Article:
Taxonomy term

david moscato

Can fossil footprints reveal the weight of a dinosaur?

Body mass is a fundamental factor in determining how much food an animal requires, how it moves and grows, and what role it plays in its ecosystem. Measuring modern animals is often a straightforward matter of putting them on a scale, but it’s no easy feat for paleontologists interested in extinct creatures like dinosaurs, since many of these animals’ weighty parts — their organs, muscles and skin, for example — are long gone. Frequent claims of “the heaviest dinosaur of all time,” for example, as in the case of the recently named Patagotitan, are fraught with uncertainty. Recent research, however, is offering a novel approach to estimating dinosaur body masses by examining the footprints they left behind.

27 Nov 2017

Horned dinosaur find a first for eastern North America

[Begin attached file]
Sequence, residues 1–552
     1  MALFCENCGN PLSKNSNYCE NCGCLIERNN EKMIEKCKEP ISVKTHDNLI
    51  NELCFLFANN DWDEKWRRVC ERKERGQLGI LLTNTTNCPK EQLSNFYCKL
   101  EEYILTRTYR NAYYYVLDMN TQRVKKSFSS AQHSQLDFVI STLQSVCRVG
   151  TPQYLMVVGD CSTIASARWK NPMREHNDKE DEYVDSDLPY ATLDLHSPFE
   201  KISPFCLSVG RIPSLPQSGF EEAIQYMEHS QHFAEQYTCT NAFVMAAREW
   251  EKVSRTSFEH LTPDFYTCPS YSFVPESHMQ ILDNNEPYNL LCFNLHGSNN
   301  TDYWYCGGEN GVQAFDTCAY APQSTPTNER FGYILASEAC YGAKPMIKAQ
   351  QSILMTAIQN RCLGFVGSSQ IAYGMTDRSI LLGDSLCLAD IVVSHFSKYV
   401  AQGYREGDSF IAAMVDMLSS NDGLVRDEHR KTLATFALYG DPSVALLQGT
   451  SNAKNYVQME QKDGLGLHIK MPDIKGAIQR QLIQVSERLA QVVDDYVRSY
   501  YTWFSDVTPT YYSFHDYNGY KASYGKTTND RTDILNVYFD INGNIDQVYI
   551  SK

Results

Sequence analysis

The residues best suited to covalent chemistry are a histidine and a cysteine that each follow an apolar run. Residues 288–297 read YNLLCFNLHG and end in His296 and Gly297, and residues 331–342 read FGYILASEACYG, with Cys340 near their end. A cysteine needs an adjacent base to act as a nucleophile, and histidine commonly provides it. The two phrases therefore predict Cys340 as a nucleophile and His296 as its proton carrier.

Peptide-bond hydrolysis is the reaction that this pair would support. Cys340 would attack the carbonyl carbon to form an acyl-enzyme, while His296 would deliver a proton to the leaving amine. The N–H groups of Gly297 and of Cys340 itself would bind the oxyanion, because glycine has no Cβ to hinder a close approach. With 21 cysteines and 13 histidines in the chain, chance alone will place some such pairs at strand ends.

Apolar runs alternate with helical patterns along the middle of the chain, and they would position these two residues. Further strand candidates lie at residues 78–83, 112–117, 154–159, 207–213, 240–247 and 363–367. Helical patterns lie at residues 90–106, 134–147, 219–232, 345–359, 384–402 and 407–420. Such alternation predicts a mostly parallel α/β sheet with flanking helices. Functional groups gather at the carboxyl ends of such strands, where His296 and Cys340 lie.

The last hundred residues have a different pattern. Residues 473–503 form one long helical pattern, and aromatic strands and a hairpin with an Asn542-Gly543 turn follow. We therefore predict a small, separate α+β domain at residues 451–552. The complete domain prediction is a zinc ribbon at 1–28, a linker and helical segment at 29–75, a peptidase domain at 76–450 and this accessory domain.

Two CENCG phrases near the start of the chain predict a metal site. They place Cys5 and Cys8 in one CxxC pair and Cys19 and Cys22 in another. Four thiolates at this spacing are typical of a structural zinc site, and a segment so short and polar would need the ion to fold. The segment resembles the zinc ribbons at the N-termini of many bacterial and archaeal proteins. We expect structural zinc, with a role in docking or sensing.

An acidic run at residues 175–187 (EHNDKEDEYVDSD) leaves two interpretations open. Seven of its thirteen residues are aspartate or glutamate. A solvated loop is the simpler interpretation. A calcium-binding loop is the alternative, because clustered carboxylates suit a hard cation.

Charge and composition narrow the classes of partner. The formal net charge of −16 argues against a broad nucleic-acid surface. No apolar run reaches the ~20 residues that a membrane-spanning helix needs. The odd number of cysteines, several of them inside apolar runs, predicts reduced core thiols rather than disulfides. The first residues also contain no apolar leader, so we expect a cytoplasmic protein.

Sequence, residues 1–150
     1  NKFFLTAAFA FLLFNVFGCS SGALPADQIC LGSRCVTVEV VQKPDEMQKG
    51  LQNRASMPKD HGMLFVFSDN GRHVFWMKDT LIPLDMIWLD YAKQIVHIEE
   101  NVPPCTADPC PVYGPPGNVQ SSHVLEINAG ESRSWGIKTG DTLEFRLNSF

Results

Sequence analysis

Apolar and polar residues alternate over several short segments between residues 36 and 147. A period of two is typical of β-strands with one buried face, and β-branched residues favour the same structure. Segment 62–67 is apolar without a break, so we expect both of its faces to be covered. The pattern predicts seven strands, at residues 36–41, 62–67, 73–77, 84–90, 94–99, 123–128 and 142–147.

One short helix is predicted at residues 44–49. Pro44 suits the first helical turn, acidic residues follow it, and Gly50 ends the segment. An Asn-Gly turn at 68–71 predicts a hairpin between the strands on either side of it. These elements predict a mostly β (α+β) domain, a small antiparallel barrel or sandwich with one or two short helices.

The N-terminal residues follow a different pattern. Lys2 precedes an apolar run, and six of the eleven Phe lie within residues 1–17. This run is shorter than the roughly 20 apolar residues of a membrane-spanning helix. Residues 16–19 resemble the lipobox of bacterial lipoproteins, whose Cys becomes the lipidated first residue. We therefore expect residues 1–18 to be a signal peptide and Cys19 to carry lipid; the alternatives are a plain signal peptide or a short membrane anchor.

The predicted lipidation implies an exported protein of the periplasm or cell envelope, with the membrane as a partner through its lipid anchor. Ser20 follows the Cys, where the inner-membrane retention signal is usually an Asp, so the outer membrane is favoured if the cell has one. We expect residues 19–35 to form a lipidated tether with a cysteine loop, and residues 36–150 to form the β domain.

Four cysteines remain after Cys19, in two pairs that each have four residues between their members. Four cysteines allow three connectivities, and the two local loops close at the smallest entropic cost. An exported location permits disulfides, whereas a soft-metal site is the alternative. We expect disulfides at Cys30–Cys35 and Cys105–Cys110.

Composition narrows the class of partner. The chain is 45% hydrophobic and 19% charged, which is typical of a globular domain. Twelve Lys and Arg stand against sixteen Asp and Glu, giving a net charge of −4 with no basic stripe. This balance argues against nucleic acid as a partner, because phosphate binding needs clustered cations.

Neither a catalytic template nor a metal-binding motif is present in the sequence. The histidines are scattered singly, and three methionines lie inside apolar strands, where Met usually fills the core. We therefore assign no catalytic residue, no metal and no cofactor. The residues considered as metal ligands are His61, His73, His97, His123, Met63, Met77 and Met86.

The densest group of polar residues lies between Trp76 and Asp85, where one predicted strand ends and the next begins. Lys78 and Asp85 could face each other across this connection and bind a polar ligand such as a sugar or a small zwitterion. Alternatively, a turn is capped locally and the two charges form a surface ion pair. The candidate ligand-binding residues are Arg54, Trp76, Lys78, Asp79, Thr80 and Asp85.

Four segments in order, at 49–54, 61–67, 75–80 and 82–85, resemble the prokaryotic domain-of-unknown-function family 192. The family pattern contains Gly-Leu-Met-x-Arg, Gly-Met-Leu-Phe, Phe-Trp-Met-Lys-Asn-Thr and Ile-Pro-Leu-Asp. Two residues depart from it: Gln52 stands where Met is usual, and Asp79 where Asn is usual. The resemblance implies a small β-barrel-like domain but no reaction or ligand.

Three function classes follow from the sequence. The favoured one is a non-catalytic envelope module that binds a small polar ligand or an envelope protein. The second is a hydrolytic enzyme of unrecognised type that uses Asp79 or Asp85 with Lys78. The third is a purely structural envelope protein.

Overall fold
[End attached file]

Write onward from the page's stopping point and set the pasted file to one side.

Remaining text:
Fossils of horned dinosaurs called ceratopsids, the group that includes Triceratops, are usually found in either western North America or Asia. But the discovery of a single ceratopsid tooth in Mississippi, reported in a new study in PeerJ, hints that this group spread into new territory at the tail end of the Mesozoic Era — just prior to going extinct.

20 Jul 2017

Horned dinosaur find a first for eastern North America

Fossils of horned dinosaurs called ceratopsids, the group that includes Triceratops, are usually found in either western North America or Asia. But the discovery of a single ceratopsid tooth in Mississippi, reported in a new study in PeerJ, hints that this group spread into new territory at the tail end of the Mesozoic Era — just prior to going extinct.

23 May 2017